Each type of focus group has its own advantages and disadvantages.  For example, a face-to-face focus group allows members of the group to not only hear other group members’ responses but also to see non-verbal cues and other visual cues that are not available on the telephone or in on-line focus groups.  However, face-to-face focus groups are restricted to groups of people that are in the same physical location.

Telephone and on-line focus groups do not have such restrictions.  If you wish to have a focus group made up of individuals from across a broad geographic area, telephone or on-line methods would be the appropriate choice. On-line focus groups may be a particularly good choice when asking sensitive questions because participants are able to remain fully anonymous.

One drawback to on-line focus groups is that group members must have internet access. While most Americans have internet access at home, some may have slower connections or no home internet access. In these cases, face-to-face focus groups may be more appropriate to gain responses from a broader sample.  Further, some researchers who use telephone focus groups claim that the ability to hear the tone of voice of other group members is a benefit that is not available to on-line focus groups.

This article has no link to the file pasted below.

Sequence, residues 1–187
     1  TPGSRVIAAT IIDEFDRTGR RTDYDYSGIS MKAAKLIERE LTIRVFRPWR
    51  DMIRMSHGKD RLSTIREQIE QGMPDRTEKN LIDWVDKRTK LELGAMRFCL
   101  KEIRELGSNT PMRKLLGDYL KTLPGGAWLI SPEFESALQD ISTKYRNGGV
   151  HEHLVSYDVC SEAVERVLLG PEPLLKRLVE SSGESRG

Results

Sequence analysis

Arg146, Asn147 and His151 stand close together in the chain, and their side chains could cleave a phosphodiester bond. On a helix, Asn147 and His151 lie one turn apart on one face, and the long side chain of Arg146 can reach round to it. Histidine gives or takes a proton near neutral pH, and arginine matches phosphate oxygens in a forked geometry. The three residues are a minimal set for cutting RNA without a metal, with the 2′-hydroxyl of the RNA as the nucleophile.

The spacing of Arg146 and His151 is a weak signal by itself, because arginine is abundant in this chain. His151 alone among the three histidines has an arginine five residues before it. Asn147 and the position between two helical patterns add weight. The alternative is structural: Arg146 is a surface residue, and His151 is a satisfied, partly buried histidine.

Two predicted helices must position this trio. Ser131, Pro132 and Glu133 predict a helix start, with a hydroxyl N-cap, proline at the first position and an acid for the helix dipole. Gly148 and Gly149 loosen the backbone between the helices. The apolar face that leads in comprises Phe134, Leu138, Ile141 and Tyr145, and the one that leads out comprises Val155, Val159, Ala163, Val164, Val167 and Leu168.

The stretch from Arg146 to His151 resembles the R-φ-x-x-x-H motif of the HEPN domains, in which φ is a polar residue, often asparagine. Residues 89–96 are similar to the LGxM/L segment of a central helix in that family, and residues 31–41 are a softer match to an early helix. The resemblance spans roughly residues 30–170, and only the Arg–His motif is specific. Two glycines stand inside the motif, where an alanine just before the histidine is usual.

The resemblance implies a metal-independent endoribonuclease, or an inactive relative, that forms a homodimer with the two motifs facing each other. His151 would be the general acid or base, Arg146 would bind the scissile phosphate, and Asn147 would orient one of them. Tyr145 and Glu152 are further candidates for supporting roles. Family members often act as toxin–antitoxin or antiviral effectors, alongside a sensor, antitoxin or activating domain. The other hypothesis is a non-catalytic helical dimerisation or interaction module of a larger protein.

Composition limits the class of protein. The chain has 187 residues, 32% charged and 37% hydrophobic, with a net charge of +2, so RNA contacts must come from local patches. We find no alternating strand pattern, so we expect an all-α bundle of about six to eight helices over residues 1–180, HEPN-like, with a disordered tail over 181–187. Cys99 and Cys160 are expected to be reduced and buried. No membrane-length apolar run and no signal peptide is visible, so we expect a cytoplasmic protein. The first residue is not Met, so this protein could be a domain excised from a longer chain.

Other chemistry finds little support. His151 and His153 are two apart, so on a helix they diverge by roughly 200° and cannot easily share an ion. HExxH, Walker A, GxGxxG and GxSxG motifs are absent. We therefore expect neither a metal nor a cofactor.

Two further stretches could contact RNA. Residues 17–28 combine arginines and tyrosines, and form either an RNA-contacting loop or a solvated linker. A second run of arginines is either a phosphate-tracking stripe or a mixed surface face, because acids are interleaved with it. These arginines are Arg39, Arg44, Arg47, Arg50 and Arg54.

Another consideration is cost. In some cases conducting on-line or telephone focus groups are lets costly than face-to-face focus groups because there are no travel or facility costs. However, the costs involved in focus groups are dependent on many factors. For a more detailed analysis of cost comparisons see the following article that compares on-line and face-to-face focus groups.

Choosing a focus group methodology will depend on many factors such as the types demographics of participants that you are seeking, where they are located, and their technology access and skill level. CMS Evaluation can help you decide on the appropriate method for your particular evaluation project.

For a more in-depth comparison of the three main types of focus groups, see the following article:

Focus Groups 101

37056_people_at_work_5Focus groups are a useful method for understanding the impact of a program on the people it serves.  Market researchers have been using focus groups for many years to test products, determine customer attitudes, likes or dislikes, and to gain a richer, more in-depth understanding of the topic at hand.